Tuberculin Purified Protein Derivative, PPD: (Moderate) Immunosuppressives may decrease the immunological response to tuberculin purified protein derivative, PPD. This suppressed reactivity can persist for up to 6 weeks after treatment discontinuation. Consider deferring the skin test until completion of the immunosuppressive therapy.
    Valdecoxib: (Major) Due to the thrombocytopenic effects of fluorouracil, 5-FU, an additive risk of bleeding may be seen in patients receiving concomitant anticoagulants, NSAIDs, platelet inhibitors, including aspirin, strontium-89 chloride, and thrombolytic agents. In addition, large doses of salicylates (>= 3-4 g/day) can cause hypoprothrombinemia, an additional risk factor for bleeding.
    Warfarin: (Major) An additive risk of bleeding may be seen in thrombocytopenic patients receiving antineoplastic agents and anticoagulants concomitantly.

    PREGNANCY AND LACTATION

    Pregnancy

    Fluorouracil, 5-FU, when given topically or systemically, may cause harm to the fetus if administered to a woman during pregnancy. Topical 5-FU is contraindicated during pregnancy (FDA pregnancy risk category X). Systemic 5-FU is classified as FDA pregnancy risk category D and should only be used during pregnancy if the benefit justifies the potential risks. 5-FU has been shown to cause teratogenic effects in animals, but adequate and well-controlled studies in pregnant women have not been performed. One birth defect (cleft lip and palate) has been reported in the newborn of a patient using fluorouracil as recommended. Miscarriages and birth defects (ventricular septal defects) have been reported when topical 5-FU was applied to mucous membranes during pregnancy. Multiple birth defects have been reported in a fetus of a patient treated with intravenous 5-FU. Females of childbearing age should be advised to avoid becoming pregnant while receiving or using the drug due to the potential risk to the fetus. If a woman becomes pregnant while receiving topical or systemic 5-FU therapy, she should be apprised of the potential risk to the fetus.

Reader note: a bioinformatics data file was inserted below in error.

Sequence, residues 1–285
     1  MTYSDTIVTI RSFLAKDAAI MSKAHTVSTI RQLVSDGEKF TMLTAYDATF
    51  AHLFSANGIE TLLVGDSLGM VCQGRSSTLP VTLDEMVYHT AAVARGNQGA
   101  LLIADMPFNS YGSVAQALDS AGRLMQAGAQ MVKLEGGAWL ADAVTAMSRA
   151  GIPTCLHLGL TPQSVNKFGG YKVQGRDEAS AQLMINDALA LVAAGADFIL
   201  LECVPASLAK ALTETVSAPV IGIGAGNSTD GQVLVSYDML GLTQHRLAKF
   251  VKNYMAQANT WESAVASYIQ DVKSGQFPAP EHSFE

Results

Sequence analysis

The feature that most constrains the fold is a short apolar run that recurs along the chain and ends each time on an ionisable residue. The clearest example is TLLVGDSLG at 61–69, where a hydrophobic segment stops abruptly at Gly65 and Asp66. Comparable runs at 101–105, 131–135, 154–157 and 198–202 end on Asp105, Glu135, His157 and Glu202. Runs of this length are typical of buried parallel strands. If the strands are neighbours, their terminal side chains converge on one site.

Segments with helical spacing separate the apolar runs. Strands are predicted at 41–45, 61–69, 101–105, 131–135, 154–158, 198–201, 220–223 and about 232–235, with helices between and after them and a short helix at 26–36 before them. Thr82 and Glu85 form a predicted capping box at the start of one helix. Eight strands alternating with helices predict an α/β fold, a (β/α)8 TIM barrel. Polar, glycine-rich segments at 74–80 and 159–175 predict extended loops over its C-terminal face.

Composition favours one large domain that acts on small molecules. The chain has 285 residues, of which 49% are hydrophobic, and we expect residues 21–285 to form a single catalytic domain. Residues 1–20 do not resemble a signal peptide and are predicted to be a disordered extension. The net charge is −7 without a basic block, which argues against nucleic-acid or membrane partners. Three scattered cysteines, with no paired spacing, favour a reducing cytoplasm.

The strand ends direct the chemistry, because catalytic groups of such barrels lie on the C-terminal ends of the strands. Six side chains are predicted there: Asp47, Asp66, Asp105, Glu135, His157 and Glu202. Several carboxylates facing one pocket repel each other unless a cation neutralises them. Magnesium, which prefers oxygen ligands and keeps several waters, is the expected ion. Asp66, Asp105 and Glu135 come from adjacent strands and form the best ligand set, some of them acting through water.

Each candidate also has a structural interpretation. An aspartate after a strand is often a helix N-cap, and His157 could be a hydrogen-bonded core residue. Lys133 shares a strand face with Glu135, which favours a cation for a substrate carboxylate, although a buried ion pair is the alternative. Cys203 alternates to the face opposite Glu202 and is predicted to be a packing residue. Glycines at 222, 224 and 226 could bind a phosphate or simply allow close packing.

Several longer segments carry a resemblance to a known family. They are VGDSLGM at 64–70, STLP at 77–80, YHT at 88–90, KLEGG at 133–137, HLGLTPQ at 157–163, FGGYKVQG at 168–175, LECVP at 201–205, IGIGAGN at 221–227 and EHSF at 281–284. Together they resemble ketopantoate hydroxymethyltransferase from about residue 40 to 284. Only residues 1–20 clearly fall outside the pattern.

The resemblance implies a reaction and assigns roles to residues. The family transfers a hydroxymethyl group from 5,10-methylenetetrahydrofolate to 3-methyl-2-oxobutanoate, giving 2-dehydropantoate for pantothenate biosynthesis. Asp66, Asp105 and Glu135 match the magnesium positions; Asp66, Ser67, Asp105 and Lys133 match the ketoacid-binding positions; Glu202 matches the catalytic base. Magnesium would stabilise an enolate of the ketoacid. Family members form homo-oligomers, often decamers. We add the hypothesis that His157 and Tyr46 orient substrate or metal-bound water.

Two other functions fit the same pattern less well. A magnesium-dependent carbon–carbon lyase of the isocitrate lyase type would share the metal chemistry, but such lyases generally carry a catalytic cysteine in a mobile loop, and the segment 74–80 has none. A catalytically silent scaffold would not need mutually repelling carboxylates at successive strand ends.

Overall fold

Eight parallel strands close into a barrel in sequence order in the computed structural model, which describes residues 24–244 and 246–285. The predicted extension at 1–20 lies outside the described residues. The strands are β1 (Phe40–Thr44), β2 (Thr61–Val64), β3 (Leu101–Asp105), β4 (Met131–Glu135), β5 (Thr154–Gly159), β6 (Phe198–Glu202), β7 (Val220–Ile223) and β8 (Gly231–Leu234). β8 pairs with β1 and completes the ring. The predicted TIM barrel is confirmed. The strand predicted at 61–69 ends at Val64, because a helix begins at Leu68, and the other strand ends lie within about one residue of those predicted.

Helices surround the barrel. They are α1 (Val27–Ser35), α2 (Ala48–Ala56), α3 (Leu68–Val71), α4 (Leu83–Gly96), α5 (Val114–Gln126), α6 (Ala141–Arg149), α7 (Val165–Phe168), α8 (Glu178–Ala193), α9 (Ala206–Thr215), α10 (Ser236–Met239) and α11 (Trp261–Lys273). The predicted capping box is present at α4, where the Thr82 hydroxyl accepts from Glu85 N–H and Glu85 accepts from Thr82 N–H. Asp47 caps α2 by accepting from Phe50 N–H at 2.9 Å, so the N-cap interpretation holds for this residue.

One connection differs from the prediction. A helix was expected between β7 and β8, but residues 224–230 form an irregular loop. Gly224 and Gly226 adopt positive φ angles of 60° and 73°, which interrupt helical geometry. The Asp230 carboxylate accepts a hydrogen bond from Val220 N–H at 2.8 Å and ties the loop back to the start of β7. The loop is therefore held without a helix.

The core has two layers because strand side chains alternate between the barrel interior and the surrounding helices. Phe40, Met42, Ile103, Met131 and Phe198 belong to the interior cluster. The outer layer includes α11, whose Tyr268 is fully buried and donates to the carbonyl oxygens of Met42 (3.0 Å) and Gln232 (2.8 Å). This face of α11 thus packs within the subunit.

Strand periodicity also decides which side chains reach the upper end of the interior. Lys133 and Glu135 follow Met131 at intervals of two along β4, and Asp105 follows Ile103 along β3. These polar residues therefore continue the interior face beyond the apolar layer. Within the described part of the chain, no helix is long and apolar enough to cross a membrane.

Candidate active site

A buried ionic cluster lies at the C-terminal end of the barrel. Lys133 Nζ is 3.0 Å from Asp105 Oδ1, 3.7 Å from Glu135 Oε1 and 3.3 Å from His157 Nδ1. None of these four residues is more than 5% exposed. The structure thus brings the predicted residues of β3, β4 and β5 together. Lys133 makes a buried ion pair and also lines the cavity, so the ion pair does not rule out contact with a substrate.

It is uncertain whether fluorouracil, 5-FU, is distributed into breast milk. According to the manufacturer, due to the inhibition of DNA, RNA, and protein synthesis by fluorouracil, mothers should not nurse while receiving this drug. A decision should be made whether to discontinue breast-feeding or discontinue the drug, taking into account the importance of the drug to the mother.

    MECHANISM OF ACTION

    Fluorouracil (5-FU) is a pyrimidine antimetabolite that inhibits thymidylate synthase (TS) and also interferes with RNA synthesis and function. Fluorouracil also has some effects on DNA.
    •RNA-related effects: Formation of fluorouracil monophosphate (FUMP) occurs through two different pathways. FUMP may be formed as the result of direct transfer of a ribose sugar from phosphoribosylpyrophosphate (PPRP) to 5-FU via orotic acid phosphoribosyltransferase (OPRTase). In the second pathway, a ribose sugar is added to 5-FU by uridine phosphorylase forming fluorouridine (FUrd). FUrd undergoes phosphorylation by uridine kinase to form fluorouracil monophosphate (FUMP). Flurouridine diphosphate (FUDP) and flurouridine triphosphate (FUTP) are formed due to the sequential activity of pyrimidine monophosphate kinase and pyrimidine diphosphate kinase on FUMP. The FUTP is then incorporated into RNA and inhibits RNA activity and synthesis.